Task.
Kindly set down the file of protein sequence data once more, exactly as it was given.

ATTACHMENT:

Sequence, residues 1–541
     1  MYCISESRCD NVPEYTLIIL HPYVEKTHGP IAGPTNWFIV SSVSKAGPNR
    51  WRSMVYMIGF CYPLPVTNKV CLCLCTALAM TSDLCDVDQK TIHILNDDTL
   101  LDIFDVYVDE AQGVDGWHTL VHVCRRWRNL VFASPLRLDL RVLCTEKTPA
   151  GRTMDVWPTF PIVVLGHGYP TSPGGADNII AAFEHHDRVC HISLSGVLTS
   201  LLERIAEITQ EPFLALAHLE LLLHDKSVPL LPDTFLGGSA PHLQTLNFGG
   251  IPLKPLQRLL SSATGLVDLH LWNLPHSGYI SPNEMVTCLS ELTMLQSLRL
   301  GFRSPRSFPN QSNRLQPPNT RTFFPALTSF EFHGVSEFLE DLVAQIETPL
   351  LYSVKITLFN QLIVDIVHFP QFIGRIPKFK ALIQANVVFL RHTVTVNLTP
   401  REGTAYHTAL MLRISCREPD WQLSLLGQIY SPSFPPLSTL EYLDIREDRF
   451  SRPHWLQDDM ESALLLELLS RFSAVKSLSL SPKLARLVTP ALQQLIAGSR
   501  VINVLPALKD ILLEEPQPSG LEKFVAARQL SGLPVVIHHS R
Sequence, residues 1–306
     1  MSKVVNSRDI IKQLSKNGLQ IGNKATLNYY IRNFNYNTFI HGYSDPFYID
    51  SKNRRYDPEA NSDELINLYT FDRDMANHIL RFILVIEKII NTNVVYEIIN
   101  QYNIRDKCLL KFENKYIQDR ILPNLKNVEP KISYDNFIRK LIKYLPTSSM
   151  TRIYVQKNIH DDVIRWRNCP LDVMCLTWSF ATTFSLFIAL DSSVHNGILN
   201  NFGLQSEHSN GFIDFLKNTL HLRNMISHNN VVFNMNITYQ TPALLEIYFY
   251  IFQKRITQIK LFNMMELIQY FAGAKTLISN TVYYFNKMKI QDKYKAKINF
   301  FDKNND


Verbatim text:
Sequence, residues 1–541
     1  MYCISESRCD NVPEYTLIIL HPYVEKTHGP IAGPTNWFIV SSVSKAGPNR
    51  WRSMVYMIGF CYPLPVTNKV CLCLCTALAM TSDLCDVDQK TIHILNDDTL
   101  LDIFDVYVDE AQGVDGWHTL VHVCRRWRNL VFASPLRLDL RVLCTEKTPA
   151  GRTMDVWPTF PIVVLGHGYP TSPGGADNII AAFEHHDRVC HISLSGVLTS
   201  LLERIAEITQ EPFLALAHLE LLLHDKSVPL LPDTFLGGSA PHLQTLNFGG
   251  IPLKPLQRLL SSATGLVDLH LWNLPHSGYI SPNEMVTCLS ELTMLQSLRL
   301  GFRSPRSFPN QSNRLQPPNT RTFFPALTSF EFHGVSEFLE DLVAQIETPL
   351  LYSVKITLFN QLIVDIVHFP QFIGRIPKFK ALIQANVVFL RHTVTVNLTP
   401  REGTAYHTAL MLRISCREPD WQLSLLGQIY SPSFPPLSTL EYLDIREDRF
   451  SRPHWLQDDM ESALLLELLS RFSAVKSLSL SPKLARLVTP ALQQLIAGSR
   501  VINVLPALKD ILLEEPQPSG LEKFVAARQL SGLPVVIHHS R
Sequence, residues 1–306
     1  MSKVVNSRDI IKQLSKNGLQ IGNKATLNYY IRNFNYNTFI HGYSDPFYID
    51  SKNRRYDPEA NSDELINLYT FDRDMANHIL RFILVIEKII NTNVVYEIIN
   101  QYNIRDKCLL KFENKYIQDR ILPNLKNVEP KISYDNFIRK LIKYLPTSSM
   151  TRIYVQKNIH DDVIRWRNCP LDVMCLTWSF ATTFSLFIAL DSSVHNGILN
   201  NFGLQSEHSN GFIDFLKNTL HLRNMISHNN VVFNMNITYQ TPALLEIYFY
   251  IFQKRITQIK LFNMMELIQY FAGAKTLISN TVYYFNKMKI QDKYKAKINF
   301  FDKNND